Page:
“Still no timetable, really. It’s feeling really good, though,” he said. “I’m able to do a little bit more weight and moving on the field a little bit more. It’s coming along slowly.”

Original Text

Dallas Cowboys defensive end Anthony Spencer is progressing mostly as expected from his October microfracture surgery, but the team is apparently going to take no chances rushing him back.

Mike Fisher of Fox Sports Southwest reported Sunday that Spencer is expected to begin the 2014 NFL season on the physically unable to perform list:

Spencer, 30, played in just one game in 2013 before undergoing season-ending surgery. He was the Cowboys' franchise player after a breakout 2012 campaign in which he had a career-high 11 sacks and emerged as a go-to pass-rusher off the edge. The injury forced Spencer to return to Dallas on a modest one-year contract this April, with hopes of hitting the open market after a comeback campaign.

Microfracture surgery is a serious procedure in which holes are drilled into a patient's bone to help facilitate the repair of damaged cartilage. It has most notably been used on high-profile NBA players like Tracy McGrady, Chris Webber and Greg Oden, the latter of whom has had the operation on both knees.

Microfractures are less common in NFL players and are largely being phased out in the medical community, as noted by Sean Deveney of Sporting News. Initial expectations had Spencer returning to 100 percent health by January or February, but Fisher's report certainly contradicts that prognosis.

Evan Vucci/Associated Press

It should be noted that Fisher did not make a distinction between the regular-season and preseason PUP lists. If Spencer were placed on the regular-season list—a decision the Cowboys won't have to make for a while—NFL rules prohibit him from playing the first six games. Players can be taken off the preseason PUP list when healthy.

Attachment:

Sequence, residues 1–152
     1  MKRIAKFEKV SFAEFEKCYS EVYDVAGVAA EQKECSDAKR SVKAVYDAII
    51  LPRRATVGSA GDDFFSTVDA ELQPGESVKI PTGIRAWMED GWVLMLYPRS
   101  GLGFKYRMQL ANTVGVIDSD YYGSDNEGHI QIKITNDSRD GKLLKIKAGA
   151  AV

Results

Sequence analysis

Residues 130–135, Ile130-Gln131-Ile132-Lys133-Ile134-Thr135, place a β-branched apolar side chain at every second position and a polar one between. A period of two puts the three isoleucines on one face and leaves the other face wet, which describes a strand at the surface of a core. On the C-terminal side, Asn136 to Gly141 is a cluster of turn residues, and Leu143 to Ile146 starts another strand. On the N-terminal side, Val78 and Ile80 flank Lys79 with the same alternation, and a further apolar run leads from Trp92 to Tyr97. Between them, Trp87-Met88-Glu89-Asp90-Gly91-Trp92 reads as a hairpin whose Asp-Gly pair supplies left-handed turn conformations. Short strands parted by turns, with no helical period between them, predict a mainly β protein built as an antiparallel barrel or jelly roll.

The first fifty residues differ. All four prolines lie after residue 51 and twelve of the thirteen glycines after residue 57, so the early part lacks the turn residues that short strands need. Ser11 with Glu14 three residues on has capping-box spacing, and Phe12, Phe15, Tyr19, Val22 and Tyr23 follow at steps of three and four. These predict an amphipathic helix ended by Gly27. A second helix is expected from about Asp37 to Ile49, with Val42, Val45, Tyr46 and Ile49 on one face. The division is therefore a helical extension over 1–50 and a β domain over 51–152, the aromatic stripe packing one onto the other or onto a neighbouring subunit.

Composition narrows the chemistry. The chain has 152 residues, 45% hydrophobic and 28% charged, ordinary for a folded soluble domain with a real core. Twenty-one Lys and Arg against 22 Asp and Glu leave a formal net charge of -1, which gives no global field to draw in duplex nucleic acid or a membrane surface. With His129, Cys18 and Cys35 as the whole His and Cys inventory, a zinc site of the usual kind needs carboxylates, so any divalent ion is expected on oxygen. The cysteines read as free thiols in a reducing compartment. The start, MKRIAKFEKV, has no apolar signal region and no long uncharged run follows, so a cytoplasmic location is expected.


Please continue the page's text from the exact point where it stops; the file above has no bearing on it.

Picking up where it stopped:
Spencer still walks with a noticeable limp and was on crutches for at least four months following his surgery, per Calvin Watkins of ESPNDallas.com. He indicated after re-signing with the Cowboys that he had a mental timetable of training camp but has since backtracked a bit.

“This injury it’s really uncommon, you rarely see guys coming back from it,” Spencer said, via Watkins. “So, I’m really not looking at any type of timetable. I’m just on my body schedule; where my body is, that’s where I am.”

The Cowboys could certainly use a fully healthy Spencer, as Pete Damilatis of Pro Football Focus helps highlight:

Salary-cap issues this offseason forced Dallas to release defensive stalwart DeMarcus Ware, who subsequently signed with the Denver Broncos. The Cowboys notably selected three defensive linemen to replace Ware (and possibly Spencer) in this month's draft. Spencer is part of the team's plans, but it's clear they had no interest in waiting around.

For now, though, it seems like they'll have to wait. Microfracture procedures are dangerous, their results not always successful and their recovery periods indeterminate. It was always a bit of wishful thinking to insinuate Spencer would be fully recovered by late winter, but the tea leaves are nonetheless not promising at the moment.